Caixin
Nov 18, 2020 02:44 PM
FINANCE

China’s Credit Jitters Deepen a Selloff in Government Bonds

Pedestrians wearing protective masks walk past the People's Bank of China building in Beijing on March 17.  Photo: Bloomberg
Pedestrians wearing protective masks walk past the People's Bank of China building in Beijing on March 17. Photo: Bloomberg

(Bloomberg) — The credit default shock waves rippling through China are hurting demand for sovereign bonds, with market watchers seeing the slide lasting the rest of 2020.

China’s 10-year government notes are set to drop for a seventh month in November, on track for the longest retreat since 2007. The decline has pushed the benchmark yield to 3.31%, set for the highest since May 2019. A technical indicator suggests the bonds are facing the worst selling pressure in a year.

Behind the sour sentiment are worries that Beijing will tighten its monetary policy amid the economic recovery, even though lenders are challenged by a series of recent corporate bond defaults and a $900 billion funding shortage over the last two months of this year. The central bank’s 200 billion yuan ($30.5 billion) net cash injection on Monday failed to dispel concern over scarcer funding supply. An indicator of trader expectations for money market rates is at a 10-month high.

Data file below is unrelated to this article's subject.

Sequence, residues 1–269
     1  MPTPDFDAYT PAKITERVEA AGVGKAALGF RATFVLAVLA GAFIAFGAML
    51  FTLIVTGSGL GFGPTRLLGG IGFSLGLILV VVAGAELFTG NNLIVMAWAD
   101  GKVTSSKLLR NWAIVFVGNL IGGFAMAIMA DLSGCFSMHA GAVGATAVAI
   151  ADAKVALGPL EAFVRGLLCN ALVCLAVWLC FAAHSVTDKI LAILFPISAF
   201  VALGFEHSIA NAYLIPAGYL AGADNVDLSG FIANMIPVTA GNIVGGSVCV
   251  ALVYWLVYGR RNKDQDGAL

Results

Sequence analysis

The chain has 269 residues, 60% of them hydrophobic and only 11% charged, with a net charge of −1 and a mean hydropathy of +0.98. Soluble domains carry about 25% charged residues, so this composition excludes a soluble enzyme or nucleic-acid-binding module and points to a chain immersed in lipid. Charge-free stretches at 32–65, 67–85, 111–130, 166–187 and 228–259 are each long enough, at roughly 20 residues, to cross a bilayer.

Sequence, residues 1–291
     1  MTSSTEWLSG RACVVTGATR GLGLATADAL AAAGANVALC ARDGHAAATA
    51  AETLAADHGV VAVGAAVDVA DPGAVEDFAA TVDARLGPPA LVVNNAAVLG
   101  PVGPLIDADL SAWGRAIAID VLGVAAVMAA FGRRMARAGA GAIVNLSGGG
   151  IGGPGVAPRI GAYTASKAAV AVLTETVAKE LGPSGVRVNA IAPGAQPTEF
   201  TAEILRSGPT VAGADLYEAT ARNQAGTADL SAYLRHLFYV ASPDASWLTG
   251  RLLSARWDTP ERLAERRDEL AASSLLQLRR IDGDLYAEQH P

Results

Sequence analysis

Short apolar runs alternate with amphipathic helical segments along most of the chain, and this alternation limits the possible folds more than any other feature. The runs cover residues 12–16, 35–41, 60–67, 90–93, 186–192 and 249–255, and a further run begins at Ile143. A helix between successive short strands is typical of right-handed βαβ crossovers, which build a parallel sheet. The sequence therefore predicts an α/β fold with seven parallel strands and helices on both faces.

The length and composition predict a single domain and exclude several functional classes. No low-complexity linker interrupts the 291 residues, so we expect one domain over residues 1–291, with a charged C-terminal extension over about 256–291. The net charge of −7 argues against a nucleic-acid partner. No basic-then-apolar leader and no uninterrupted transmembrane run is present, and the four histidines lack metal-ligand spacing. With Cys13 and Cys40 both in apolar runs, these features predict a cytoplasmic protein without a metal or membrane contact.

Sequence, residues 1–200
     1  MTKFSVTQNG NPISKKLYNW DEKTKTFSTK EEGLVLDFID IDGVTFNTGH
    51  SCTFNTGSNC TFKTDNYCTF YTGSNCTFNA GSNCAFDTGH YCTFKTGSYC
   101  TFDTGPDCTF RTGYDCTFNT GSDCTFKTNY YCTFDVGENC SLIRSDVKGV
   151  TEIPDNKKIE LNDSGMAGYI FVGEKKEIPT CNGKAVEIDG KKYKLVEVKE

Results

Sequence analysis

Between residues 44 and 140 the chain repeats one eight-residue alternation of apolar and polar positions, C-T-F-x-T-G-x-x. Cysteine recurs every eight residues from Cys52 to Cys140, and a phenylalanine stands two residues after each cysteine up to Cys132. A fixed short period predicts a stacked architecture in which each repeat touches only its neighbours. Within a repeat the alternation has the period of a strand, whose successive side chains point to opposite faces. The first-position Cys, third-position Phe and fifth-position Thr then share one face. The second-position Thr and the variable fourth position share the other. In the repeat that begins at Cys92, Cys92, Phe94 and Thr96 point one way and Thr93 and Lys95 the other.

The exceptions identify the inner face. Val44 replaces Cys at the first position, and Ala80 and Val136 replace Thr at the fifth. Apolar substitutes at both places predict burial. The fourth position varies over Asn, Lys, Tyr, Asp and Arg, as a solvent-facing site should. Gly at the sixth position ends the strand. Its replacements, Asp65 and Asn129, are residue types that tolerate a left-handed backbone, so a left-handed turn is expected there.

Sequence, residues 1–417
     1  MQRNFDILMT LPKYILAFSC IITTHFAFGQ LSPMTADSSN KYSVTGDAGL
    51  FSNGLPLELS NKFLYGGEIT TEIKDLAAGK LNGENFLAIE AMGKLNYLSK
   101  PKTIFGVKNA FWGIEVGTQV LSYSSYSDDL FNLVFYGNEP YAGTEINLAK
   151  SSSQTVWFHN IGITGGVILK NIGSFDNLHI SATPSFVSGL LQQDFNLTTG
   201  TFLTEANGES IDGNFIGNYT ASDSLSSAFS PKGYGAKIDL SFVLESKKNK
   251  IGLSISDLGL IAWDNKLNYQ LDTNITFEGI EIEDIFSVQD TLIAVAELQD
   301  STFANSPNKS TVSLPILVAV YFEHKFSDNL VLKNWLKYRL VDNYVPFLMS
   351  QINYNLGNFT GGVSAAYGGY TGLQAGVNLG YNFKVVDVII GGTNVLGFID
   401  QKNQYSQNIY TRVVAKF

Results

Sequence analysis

“The yield will keep rising and it will be very hard for us to see a turn toward a lower rate this year,” said Qi Sheng, a fixed-income analyst at Founder Securities Co. Ltd. in Beijing. “The demand for government bonds is quite weak, as corporate defaults are forcing financial institutions to hoard cash to deal with their clients’ redemptions of funds.”

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The defaults on Monday of a top chipmaker and a car manufacturer have triggered worries over the credit conditions of state-owned firms and their lenders. That can prompt financial institutions to sell the most liquid government bonds for funding, as their clients step up redeeming investments in corporate bonds.

Adding to the stress, demand for cash will climb as banks need to repay at least 3.7 trillion yuan of short-term interbank debt and devote another 1 trillion yuan to buy newly issued government bonds by the end of 2020. They also have to navigate maturing policy loans.

The People’s Bank of China has taken a measured approach to monetary loosening this year, avoiding aggressive and broad stimulus deployed by the U.S. and Europe. Earlier this month, the authorities once again raised the topic of exiting their easing policies when PBOC Vice Governor Liu Guoqiang said such a move “is a matter of time and it is also necessary.”

The 14-day relative strength index on the Chinese government bond yield hit 76.6. A reading above 70 signals to some traders the securities are oversold and could see a reversal soon. In July, the yield tumbled about 20 basis points in the two weeks after the gauge breached this level.

Back then however, banks weren’t challenged by tight liquidity or credit risks, and investors were a lot less worried about the PBOC’s next move.

“This confusion about the monetary policy stance may continue to weigh on market sentiment” even though the current sovereign bond yield is attractive, said Tommy Xie, an economist at Overseas Chinese Banking Corp.

China is also looking to a euro-denominated bond sale that stands to benefit from ultra-low borrowing costs in Europe.

Contact editor Yang Ge (geyang@caixin.com)

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